Tuesday, September 13, 2016


This week, it seemed like everyone was talking about 9/11. Why not? It was such a dark day for our nation, and those who paid the ultimate price deserve to be remembered.

Instead of giving you a "here's where I was story," I'm sharing the following news. It's about the far-reaching effects of 9/11. I wish I realized this after that horrible Tuesday. I endured so much self-inflicted pain--and panic, of course--because I couldn't cope with that event at the time. (I was working in news, which made it 110% worse.)

Now, I realize how much that event traumatized me. I was lucky enough to work with my therapist to help me process most of it.

In case you're interested...

9/11 caused mental illness far beyond US borders

This is the conclusion of a recent population-wide study from Denmark, which demonstrates a "significant and immediate" spike in the diagnoses of trauma and stressor related disorders (e.g. adjustment disorders or post-traumatic stress disorder) in Denmark in the weeks and months after the traumatic events of September 11, 2001, even though the Nordic country was not directly impacted by the attacks.
The study, which was financed by the Carlsberg Foundation, was carried out by political scientists and medical researchers from Aarhus University, University of Copenhagen and Stanford University. It has just been published online ahead of print in the American Journal of Epidemiology.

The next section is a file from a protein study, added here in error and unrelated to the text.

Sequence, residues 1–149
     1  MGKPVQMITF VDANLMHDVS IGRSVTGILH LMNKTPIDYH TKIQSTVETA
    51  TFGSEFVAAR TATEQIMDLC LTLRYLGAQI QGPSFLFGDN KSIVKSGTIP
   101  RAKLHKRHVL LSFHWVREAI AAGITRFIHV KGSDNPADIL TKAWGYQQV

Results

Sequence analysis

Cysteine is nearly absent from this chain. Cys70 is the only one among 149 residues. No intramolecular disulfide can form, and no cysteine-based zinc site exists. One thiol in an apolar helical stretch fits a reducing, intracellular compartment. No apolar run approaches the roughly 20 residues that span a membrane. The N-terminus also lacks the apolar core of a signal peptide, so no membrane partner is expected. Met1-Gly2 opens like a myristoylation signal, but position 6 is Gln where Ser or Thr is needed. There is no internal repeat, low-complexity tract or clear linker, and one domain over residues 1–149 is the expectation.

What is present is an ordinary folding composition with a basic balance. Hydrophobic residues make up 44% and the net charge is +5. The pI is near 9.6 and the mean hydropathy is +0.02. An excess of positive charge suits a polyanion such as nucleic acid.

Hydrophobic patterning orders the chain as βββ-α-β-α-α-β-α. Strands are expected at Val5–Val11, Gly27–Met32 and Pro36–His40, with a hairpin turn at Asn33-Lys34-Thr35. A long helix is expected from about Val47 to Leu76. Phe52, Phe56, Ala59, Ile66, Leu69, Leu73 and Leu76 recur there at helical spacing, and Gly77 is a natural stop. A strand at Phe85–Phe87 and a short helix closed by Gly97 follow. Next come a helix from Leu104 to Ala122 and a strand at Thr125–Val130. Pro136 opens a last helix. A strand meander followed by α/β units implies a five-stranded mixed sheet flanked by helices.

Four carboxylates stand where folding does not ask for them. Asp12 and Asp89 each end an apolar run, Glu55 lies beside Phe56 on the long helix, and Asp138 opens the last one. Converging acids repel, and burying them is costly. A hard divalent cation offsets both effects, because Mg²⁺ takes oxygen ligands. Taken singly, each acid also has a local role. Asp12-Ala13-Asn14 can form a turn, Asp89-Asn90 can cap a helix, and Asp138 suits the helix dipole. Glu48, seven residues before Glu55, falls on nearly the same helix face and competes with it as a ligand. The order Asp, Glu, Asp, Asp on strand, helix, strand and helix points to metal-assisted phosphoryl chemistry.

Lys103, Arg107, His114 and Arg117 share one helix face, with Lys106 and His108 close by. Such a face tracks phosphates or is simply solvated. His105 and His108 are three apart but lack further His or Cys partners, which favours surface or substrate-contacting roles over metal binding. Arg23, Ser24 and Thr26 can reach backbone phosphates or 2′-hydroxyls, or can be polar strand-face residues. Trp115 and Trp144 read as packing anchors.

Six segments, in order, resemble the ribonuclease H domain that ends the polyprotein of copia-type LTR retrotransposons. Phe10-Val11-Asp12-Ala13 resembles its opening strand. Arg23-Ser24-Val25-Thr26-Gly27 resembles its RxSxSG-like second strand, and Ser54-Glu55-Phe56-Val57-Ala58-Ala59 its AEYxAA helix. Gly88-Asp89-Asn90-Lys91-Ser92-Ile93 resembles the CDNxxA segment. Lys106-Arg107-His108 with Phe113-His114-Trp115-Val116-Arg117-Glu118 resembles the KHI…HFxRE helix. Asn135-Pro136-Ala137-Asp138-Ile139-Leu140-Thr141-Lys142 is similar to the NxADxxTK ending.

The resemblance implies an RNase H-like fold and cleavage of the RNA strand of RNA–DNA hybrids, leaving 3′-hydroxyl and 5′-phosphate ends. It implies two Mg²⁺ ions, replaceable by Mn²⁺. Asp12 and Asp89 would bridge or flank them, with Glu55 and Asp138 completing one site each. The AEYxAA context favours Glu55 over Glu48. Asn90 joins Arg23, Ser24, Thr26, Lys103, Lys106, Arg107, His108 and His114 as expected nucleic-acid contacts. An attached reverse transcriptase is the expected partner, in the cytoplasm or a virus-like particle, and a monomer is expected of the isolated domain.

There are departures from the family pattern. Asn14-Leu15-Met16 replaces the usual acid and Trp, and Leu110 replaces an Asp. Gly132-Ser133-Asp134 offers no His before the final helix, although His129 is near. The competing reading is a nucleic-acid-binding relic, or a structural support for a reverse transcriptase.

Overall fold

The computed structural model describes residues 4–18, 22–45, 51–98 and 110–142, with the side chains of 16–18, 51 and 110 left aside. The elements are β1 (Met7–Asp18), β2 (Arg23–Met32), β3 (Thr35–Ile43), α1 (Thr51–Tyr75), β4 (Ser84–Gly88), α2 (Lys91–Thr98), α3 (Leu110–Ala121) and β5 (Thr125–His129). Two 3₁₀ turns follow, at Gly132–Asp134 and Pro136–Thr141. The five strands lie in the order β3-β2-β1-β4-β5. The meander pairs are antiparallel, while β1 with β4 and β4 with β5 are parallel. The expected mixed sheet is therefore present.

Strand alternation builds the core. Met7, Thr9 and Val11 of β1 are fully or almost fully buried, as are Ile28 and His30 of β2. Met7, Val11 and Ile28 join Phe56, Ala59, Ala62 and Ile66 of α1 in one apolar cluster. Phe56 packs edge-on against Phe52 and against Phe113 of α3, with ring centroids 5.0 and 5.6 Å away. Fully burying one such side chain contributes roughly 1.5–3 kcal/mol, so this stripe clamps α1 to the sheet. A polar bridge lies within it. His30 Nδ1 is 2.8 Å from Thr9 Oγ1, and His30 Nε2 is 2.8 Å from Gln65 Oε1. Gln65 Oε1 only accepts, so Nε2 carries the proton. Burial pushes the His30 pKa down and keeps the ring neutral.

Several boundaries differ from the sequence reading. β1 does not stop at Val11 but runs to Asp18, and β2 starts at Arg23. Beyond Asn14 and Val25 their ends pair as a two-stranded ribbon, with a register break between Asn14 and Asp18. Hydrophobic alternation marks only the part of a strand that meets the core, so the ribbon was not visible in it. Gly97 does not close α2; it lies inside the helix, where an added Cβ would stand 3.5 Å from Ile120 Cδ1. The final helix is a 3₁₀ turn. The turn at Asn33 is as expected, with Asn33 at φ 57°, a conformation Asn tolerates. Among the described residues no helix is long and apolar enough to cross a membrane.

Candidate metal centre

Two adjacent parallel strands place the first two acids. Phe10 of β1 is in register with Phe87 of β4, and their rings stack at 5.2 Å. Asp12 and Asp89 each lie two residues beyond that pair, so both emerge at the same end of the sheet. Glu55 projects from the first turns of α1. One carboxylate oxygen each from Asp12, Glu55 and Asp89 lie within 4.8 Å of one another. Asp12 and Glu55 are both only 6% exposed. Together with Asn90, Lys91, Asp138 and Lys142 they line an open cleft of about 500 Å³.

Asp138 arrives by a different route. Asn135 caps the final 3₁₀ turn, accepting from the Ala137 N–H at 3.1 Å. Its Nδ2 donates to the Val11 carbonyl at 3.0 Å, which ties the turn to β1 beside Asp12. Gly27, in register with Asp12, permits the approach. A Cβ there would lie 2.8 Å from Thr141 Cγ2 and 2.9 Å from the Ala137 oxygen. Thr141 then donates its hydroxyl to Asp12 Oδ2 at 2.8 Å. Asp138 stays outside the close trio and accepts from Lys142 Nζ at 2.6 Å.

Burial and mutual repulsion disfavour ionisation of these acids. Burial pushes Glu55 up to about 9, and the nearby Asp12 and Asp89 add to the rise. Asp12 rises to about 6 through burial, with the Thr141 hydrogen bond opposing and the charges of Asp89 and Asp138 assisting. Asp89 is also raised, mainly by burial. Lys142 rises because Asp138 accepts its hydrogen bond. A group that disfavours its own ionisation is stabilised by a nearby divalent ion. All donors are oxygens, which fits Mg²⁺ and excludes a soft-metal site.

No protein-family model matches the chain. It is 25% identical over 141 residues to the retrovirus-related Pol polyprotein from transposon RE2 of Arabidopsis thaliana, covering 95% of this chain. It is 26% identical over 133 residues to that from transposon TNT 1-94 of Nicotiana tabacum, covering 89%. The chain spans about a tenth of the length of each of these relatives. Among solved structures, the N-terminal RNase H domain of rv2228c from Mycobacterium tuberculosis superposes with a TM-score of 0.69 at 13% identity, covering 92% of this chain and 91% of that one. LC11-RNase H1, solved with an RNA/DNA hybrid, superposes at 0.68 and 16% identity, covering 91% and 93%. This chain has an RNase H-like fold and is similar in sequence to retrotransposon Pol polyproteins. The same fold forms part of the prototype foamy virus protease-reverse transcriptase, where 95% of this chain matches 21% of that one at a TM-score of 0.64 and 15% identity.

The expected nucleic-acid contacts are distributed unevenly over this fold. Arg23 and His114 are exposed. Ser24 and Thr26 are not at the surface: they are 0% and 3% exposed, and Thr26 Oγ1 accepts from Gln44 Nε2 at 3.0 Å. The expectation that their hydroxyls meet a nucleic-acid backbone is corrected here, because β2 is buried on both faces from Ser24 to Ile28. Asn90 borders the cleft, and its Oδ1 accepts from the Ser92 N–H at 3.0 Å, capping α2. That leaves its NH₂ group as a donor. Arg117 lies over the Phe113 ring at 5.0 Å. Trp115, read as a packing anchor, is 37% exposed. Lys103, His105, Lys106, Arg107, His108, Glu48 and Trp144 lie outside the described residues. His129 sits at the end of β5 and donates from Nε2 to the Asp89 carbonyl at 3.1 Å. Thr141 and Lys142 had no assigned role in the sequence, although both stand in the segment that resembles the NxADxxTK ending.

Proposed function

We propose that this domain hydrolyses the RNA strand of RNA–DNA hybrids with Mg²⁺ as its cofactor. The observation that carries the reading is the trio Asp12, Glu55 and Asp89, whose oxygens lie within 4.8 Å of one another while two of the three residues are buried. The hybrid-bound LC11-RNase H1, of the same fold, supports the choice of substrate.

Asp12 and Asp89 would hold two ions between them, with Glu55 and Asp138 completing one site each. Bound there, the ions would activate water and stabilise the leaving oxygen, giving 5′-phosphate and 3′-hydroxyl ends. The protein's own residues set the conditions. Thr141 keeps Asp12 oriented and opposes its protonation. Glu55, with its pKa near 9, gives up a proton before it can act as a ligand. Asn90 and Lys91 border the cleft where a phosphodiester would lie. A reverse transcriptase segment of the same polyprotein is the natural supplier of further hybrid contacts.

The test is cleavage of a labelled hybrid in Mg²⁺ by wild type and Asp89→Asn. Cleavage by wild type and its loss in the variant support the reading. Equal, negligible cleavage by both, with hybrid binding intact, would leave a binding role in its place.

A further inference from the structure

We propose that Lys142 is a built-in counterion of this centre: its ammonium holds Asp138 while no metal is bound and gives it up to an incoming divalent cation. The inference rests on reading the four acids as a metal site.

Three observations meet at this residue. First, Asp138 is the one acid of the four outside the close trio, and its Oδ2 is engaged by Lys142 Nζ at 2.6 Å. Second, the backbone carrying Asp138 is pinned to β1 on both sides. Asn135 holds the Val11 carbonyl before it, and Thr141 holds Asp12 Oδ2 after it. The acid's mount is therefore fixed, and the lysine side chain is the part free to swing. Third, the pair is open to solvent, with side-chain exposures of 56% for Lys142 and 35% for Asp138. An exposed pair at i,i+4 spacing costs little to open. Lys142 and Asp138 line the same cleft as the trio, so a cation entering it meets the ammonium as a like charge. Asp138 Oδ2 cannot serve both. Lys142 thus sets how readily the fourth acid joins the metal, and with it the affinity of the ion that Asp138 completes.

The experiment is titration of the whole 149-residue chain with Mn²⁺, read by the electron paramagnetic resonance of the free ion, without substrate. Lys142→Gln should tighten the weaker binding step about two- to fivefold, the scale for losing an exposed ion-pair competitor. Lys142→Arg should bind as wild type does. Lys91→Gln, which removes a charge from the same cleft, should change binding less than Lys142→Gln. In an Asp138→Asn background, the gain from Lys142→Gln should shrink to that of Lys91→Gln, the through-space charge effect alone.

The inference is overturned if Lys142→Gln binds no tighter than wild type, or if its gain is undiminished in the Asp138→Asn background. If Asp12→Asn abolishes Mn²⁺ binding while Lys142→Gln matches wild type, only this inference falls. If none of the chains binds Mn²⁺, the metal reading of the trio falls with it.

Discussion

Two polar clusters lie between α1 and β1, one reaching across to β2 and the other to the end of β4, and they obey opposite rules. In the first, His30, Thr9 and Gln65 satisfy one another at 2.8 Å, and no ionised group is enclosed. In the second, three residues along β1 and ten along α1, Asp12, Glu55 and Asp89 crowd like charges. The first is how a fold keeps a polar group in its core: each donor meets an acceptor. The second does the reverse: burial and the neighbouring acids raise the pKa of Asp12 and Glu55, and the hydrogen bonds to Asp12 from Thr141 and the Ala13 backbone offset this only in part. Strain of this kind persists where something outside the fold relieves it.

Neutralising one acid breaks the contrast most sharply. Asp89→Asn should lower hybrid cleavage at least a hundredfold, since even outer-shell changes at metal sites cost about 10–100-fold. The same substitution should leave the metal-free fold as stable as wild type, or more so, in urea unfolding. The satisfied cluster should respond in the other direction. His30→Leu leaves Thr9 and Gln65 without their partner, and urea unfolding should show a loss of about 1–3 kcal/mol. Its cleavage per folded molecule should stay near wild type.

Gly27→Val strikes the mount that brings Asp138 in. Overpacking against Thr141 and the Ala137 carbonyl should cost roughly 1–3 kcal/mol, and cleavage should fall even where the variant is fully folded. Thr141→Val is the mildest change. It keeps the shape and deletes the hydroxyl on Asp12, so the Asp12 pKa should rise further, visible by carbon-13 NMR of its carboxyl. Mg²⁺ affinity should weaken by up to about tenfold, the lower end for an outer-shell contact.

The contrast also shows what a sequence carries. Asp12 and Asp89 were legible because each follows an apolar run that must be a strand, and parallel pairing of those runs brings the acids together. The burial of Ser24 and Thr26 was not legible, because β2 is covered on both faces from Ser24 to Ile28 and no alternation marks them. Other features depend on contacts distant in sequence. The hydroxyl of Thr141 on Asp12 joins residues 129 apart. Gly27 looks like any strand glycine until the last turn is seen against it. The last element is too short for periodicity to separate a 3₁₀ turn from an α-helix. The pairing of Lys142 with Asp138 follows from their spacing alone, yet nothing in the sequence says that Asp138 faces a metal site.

In the article, the authors argue that their finding "sadly confirms that one of the alleged purposes of (certain types of) terrorism - to generate mass-scale attention and intimidation - is in fact achieved".
Specifically, the Danish study documents a 16 percent increase in trauma and stressor related disorders recorded by psychiatric services in the week right after the September 11 attacks. Remarkably, the effect persisted for an extended period after the initial shock, and half a year after the 9/11 attacks, the incidence of trauma and stressor related disorders remained elevated about 5 percent above the normal level. It did not return to normal until about a year after the attacks.
In the article, the authors also speculate about the role of mass media in generating the observed effect: "The extra-national character of the post-9/11 deterioration of mental health observed in this study also highlights the pronounced importance of mass media in transmitting stress-inducing information to populations in countries far removed from the target of the attack."
Based on this observation, the authors argue that the effect of more recent and future terrorist attacks could be even stronger given the highly visual and real-time nature of today's internet-based mass media.

Friday, September 2, 2016

Candid writing...about writing.

It's not hard to get frustrated as a writer. In fact, many times a day I become upset. Still, I love what I do.

Most of the upset comes with the journalism aspect--to be specific, the rejection aspect of writing. It's not that the writing or idea for an article isn't good in many cases, which is so frustrating. It's all about who you know.